When 17-year-old John Gray walked across the sparse Nevada Southern University campus in 1968, he didn’t think he could attend. He wanted to – “but I didn’t have any money, and I didn’t have a job yet,” he said.
Gray had just moved to Las Vegas after growing up in the Marshall Islands, where his dad served in the military. He left his family and small island life to follow his high school sweetheart to Las Vegas after her father got a job at the Nevada Test Site.
“I would be the first one in my family to go to college if I could,” he said.
As he walked the tiny desert campus of what would become UNLV, he checked out the classrooms, small dorms, and then stopped to ask a man where the Student Affairs office was. The man happened to be the dean of students.
“We started up a conversation, and I told him my story, and he decided he wanted to help me,” Gray said.
Before long, the man worked out a plan to provide a scholarship for Gray’s first two years of college if Gray maintained a good GPA.
Gray was elated. He got a job at the Hilton, enrolled at what would eventually become UNLV, earned good grades, and received his degree in business administration in 1973. He married his girlfriend Shelly in 1974.
From there, he worked several business jobs in Las Vegas before deciding he wanted to become a physician. UNLV didn’t have a school of medicine at the time, so they moved to Reno and he got his medical degree from UNR. The Grays had two daughters, and he enjoyed a successful career as a gastroenterologist in Reno for 34 years.
When he retired recently, he and his wife began updating their estate plans, and he thought about the dean of students he’d met at that critical point in his life.
“He made everything possible for me,” Gray said. “For a long time, I’ve wanted to reach out. I’ve always felt obligated and grateful to him.”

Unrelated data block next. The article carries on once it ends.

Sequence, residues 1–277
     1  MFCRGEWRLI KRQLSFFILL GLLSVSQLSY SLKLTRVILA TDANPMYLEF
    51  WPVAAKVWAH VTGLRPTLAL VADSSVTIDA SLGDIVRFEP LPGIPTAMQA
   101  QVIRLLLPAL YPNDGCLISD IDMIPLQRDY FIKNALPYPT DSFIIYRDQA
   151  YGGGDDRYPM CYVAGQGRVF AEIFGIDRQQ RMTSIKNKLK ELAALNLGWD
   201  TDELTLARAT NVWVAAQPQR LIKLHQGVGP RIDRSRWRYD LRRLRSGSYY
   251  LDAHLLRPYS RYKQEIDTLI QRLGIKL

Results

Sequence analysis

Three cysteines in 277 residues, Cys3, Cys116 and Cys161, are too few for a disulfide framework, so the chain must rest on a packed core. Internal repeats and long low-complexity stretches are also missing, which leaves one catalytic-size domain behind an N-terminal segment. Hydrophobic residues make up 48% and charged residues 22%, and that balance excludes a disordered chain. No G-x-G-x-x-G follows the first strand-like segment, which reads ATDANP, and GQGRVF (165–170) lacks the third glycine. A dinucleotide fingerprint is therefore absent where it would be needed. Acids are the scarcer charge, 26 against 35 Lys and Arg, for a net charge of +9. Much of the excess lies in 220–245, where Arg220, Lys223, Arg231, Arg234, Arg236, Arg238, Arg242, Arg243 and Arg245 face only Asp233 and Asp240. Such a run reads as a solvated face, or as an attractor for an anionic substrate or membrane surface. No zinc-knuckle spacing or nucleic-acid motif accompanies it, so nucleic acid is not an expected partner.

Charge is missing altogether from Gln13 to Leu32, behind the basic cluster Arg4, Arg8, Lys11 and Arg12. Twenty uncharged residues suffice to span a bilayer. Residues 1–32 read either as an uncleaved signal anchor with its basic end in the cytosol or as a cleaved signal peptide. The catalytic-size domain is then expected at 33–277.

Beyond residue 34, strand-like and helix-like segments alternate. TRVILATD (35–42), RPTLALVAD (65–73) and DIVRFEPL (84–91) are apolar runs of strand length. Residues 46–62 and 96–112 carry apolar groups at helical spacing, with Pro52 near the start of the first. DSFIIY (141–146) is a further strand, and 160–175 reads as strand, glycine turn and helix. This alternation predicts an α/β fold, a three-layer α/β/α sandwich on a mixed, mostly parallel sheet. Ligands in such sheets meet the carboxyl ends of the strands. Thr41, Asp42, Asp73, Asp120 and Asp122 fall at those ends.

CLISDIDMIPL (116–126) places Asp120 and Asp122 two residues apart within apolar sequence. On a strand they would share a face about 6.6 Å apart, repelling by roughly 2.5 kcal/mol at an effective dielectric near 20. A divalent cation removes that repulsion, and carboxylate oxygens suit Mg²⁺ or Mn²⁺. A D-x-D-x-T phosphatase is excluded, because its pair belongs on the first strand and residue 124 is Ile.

But after all these years, he couldn’t remember the dean’s name.
She enlisted the help of the UNLV Libraries team members Su Kim Chung and Stacey Fott, and before long, they had identified the dean of students from that era – Jack McCauslin.
McCauslin had passed away, but Carter reached out to his widow to see if she would be open to hearing from Gray, who still wanted to share how important McCauslin had been in his life.
“Dear Mrs. McCauslin,” his letter begins, “I met your husband, Dr. Jack McCauslin in 1968 at Nevada Southern University. His kindness and assistance had a tremendous impact on my life …”
After explaining the story, Gray concludes, “Throughout my life I have always looked back on my chance meeting with your husband with the greatest gratitude. I was a 17-year-old kid with no money, plenty of enthusiasm and something that Dean McCauslin saw that was worth his assistance. I believe that if not for his kindness my life could have turned out quite differently.
“Please accept my sincere thanks and my gratitude for the help given me. As further thanks to Dean McCauslin and to UNLV, my wife and I are establishing a scholarship fund at UNLV with a goal of paying it forward and helping similar students in need.”
McCauslin’s widow Maureen received the letter and was pleasantly surprised to hear the story.
“[Jack] would have been honored,” she said. “I found it very touching that Dr. Gray would take the time to write the letter. A lot of people have experienced good things, but to take the time after all these years to write a letter is very nice.”
“It felt good to share McCauslin’s story,” Gray said. “He’s always inspired me, and I hope I inspire others.”
For Carter, missions like this one are why her job is rewarding. “I got to help Dr. Gray find closure, something he'd wanted to do for a long time. And I was privileged to begin the process of helping him to pay it forward.”
From there, Gray worked with UNLV’s Heather Rappaport, director of development for the student affairs department. Together, they came up with ways for Gray to give to his alma mater – ways that would help pay it forward to students who are not unlike the young man he was.
Gray established the John and Rochelle Gray Family Fund, from the John & Rochelle Family Foundation. Through their gifts, the Grays will be supporting students in a variety of ways, including helping those who, like him, faced obstacles in getting started.
“It's very meaningful to work with alumni who want to help students reach their academic goals. Dr. Gray was eager to learn about how he and his family could support educational opportunities today and for future students at UNLV,” said Rappaport.